Inclusive design is well established in architecture and industrial design and the principles that apply to these disciplines are equally relevant on the web. It’s people that your website engages with, not technologies, so a user-centered approach is fundamental. Read more – ‘The Ten Principles of Inclusive Web Design’.
The truly worldwide reach of the Web has brought with it a new realisation among computer scientists and industry professionals of the enormous importance of usability and user interface design. In the last ten years, much has become understood about what works in user interfaces from a usability perspective, and what does not. Read more – ‘User Experience Books Free to Read Online’.
IDEO's Human Centered Design Toolkit is a free innovation guide for NGOs and social enterprises. Human-Centered Design (HCD) is a process used for decades to create new solutions for companies and organisations. HCD can help you enhance the lives of people. This process has been specially-adapted for organisations like that work with people in Africa, Asia, and Latin America. HCD will help you hear people’s needs in new ways, create innovative solutions to meet these needs, and deliver solutions with financial sustainability in mind. Read more – ‘IDEO's Human Centered Design Toolkit’.
Published in the "Ergonomics in Design" journal in 1997, Arnie Lund collected and created this list of 34 rules-of-thumb that were found particularly useful during the design process by colleagues working in the human-computer interaction (HCI) design field. Read more – ‘Lund's Expert Ratings of Usability Maxims’.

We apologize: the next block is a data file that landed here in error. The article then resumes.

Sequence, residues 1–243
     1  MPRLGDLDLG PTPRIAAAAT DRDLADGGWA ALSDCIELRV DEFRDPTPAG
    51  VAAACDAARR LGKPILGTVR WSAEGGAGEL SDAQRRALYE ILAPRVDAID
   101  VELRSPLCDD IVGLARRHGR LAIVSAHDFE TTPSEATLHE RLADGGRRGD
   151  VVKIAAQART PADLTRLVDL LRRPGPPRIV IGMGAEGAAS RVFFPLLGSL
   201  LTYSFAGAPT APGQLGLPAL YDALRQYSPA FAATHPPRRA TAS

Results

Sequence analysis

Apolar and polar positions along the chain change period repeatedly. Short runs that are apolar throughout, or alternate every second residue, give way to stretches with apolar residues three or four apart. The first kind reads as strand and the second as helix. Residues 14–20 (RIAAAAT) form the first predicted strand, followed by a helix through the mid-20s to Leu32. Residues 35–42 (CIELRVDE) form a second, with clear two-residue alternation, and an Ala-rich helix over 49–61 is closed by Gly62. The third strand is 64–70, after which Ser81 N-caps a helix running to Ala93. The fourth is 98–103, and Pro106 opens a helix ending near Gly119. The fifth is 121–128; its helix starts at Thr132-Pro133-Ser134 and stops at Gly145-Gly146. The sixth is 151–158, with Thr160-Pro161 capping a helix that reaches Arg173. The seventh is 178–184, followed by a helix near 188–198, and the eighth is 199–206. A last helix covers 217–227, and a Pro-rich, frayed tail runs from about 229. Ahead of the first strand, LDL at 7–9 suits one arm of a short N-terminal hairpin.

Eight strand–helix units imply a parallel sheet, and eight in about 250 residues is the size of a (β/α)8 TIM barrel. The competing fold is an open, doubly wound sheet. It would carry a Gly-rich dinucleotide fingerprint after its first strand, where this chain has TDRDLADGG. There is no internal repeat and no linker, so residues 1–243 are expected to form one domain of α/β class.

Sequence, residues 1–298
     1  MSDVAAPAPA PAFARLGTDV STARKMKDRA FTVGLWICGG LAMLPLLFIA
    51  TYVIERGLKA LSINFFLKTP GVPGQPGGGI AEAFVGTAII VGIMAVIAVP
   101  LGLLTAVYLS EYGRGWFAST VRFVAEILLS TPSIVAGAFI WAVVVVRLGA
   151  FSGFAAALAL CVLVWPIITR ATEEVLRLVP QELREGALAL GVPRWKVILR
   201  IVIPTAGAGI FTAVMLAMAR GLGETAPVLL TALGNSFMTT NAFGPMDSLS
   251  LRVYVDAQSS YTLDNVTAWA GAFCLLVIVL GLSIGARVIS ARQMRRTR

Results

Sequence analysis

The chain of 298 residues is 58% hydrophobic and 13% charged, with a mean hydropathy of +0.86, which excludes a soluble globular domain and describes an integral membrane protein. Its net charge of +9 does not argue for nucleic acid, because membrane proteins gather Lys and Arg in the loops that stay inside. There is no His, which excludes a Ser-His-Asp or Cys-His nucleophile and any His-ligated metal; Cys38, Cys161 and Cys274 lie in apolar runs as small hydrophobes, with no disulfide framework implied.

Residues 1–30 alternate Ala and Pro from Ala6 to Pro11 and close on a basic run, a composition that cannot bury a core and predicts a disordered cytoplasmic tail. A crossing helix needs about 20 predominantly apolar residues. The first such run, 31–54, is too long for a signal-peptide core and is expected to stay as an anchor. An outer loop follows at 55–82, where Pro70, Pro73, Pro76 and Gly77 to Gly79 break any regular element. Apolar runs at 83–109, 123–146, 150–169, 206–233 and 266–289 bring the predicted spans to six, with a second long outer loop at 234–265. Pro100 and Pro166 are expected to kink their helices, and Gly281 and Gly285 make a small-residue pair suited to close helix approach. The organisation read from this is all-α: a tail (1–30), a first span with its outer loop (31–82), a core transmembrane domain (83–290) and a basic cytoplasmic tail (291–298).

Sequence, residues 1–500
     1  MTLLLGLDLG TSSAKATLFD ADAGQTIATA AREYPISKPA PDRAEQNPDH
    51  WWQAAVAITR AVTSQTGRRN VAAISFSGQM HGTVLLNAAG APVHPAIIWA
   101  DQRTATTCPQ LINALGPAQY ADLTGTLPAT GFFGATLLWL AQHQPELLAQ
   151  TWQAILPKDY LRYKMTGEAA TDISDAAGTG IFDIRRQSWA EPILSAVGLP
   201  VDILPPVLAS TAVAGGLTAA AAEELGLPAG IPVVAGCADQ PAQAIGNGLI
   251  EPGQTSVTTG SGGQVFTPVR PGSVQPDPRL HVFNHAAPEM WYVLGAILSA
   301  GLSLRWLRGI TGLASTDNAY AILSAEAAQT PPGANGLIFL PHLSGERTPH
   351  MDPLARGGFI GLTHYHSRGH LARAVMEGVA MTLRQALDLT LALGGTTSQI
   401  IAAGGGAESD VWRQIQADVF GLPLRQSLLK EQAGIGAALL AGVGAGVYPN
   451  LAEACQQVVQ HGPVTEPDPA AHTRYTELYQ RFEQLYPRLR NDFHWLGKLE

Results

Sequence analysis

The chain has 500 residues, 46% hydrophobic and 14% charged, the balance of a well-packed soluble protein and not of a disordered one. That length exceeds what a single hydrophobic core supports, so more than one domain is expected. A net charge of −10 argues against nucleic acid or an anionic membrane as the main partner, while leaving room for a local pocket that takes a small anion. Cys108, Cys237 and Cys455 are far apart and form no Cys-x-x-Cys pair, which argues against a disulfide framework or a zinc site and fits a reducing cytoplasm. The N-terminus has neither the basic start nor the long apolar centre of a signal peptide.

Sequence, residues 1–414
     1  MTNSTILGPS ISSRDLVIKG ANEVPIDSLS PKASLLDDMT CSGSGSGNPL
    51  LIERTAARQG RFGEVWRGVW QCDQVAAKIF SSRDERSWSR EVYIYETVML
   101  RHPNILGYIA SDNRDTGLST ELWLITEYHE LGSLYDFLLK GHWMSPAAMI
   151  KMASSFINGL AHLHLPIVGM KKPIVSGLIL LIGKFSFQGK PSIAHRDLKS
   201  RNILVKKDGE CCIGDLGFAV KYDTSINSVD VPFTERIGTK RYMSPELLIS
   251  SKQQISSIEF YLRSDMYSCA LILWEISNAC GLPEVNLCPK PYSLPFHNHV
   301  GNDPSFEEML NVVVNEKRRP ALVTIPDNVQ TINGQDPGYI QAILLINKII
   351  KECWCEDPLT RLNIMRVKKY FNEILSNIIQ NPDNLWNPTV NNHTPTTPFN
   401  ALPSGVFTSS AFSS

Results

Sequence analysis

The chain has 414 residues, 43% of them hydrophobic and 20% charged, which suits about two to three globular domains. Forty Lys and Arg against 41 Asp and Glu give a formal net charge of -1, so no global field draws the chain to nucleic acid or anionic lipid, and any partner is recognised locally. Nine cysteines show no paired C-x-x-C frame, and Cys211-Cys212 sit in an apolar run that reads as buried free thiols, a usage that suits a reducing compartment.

Emotional Design is both the title of a book by Donald Norman and of the concept it represents. The main issue is that emotions have a crucial role in the human ability to understand the world, and how they learn new things. For example, aesthetically pleasing objects appear to the user to be more effective, by virtue of their sensual appeal. This is due to the affinity the user feels for an object that appeals to them, due to the formation of an emotional connection [with the object]. Read more – ‘Three Dimensions of Emotional Design’.
Personas are fictional characters created to represent the different user types within a targeted demographic that might use a site or product. Personas are useful in considering the goals, desires, and limitations of the users in order to help to guide decisions about a product, such as features, interactions, and visual design. Personas are most often used as part of a user-centered design process for designing software and are also considered a part of interaction design. Read more – ‘Ten Steps to Personas’.